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instrument may engage the canal wall and cause a false/premature conclusion as to WW. Canal taper Any tapering discrepancy between the gauging instrument and canal may lead to an early instrument engagement of the canal wall, causing a false sensation of apical binding. Early coronal flare can increase the taper of the canal and reduce the tapering discrepancy between the gauging instrument and canal wall. The last 3 to 5 mm of the canal can have parallel walls, making correct determination of IWW difficult. Canal curvature Curved canals can cause deflection of the gauging instrument and increase the frictional resistance. The curvature of the root canal can be categorized into twodimensional, three-dimensional, small radius, large radius, and double curvature (S-shaped, bayonet-shaped) and with different degrees of severity. Each of these curvatures has a different effect on a clinicians tactile sense. The combination of these curvatures makes correct determination of IWW extremely difficult, if not impossible. In curved mandibular premolars, the study by Wu et al25 indicated that the first K file and the first Light speed instrument that bound at the working length failed to accurately reflect the diameter of the apical canal. Careful canal Preparation is an important part of Successful root canal therapy. The ability to enlarge a canal without deviation from the original canal curvature is a primary objective in endodontic instrumentation9,26,27. It has been stated that The final Preparation should be an exact replica of the original canal Configuration in shape, taper and flow, only larger28. After studying the effects of several instrumentation techniques, Weince et al26 noted that every file,whether precurved or straight , tended to straighten within the canal. They reported that the largest amount of apical canal preparation occurred at the outer portion of the curvature, away from the furcation. An attempt to solve this problems has led to the development of various instrumentation technique like step back, crown down, balanced force, anti curvature filling etc in addition several instruments like k flex, flex arc, flex-o, protaper, race files, light speed, hero shaper-hands and rotary files have been designed. This instruments aim at alleviating procedural difficulties at coronal, middle, apical regions of root canal. The Schneider method is the primary technique used to measure canal angulation28 . Canal content The content of the root canal may be fibrous in nature. Calcified material (calcific metamorphosis) may also be part of the canal content. During determination of IWW, the mixed canal contents can create different degrees of frictional resistance against the gauging instrument. It can eventually affect the clinicians tactile sense. This factor makes correct determination of IWW somewhat more difficult. Canal wall irregularities Attached pulp stones, denticles, and reparative dentin canal create convexities on the canal wall surface. Resorption can produce concavities on the canal wall surface. These phenomena can serve as an impacting factor that induces a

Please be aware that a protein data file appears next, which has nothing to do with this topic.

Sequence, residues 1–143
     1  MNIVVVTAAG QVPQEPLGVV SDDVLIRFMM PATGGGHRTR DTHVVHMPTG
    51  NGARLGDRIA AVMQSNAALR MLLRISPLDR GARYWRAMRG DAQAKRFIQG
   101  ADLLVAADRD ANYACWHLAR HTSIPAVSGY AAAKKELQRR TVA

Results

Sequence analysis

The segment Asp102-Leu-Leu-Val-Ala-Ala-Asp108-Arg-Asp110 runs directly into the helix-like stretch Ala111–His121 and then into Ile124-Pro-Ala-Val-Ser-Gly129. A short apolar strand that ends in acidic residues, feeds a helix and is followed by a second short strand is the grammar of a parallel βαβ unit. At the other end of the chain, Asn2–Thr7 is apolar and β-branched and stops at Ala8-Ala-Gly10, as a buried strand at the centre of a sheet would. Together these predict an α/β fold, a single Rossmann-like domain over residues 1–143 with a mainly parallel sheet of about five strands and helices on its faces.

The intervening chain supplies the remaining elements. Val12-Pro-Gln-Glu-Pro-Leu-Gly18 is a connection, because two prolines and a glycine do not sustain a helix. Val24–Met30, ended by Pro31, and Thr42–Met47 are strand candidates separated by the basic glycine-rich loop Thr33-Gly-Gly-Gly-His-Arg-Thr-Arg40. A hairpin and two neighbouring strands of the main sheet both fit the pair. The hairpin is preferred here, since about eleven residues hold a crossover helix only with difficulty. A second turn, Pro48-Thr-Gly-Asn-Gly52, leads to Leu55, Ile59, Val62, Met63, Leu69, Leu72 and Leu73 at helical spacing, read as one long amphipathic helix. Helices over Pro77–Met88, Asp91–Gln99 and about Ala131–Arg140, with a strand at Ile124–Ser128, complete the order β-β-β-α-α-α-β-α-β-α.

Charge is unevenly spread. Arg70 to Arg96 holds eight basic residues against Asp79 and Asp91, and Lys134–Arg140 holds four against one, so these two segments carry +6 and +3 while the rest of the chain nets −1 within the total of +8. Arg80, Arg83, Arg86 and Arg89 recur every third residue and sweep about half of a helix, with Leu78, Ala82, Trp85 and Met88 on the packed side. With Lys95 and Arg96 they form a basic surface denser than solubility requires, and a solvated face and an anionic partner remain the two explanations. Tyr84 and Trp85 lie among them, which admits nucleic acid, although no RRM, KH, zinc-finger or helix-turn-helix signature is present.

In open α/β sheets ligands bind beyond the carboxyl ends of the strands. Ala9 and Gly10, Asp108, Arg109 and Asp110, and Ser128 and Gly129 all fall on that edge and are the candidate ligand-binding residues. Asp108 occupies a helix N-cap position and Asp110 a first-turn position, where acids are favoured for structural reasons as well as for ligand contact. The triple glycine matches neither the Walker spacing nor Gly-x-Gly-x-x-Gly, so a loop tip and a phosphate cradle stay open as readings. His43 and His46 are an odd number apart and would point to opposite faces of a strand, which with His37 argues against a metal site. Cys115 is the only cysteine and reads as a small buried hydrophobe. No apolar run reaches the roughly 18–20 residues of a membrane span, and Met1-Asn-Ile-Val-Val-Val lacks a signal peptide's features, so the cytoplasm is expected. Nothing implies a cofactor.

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false estimation of the true canal dimension at working length and other levels.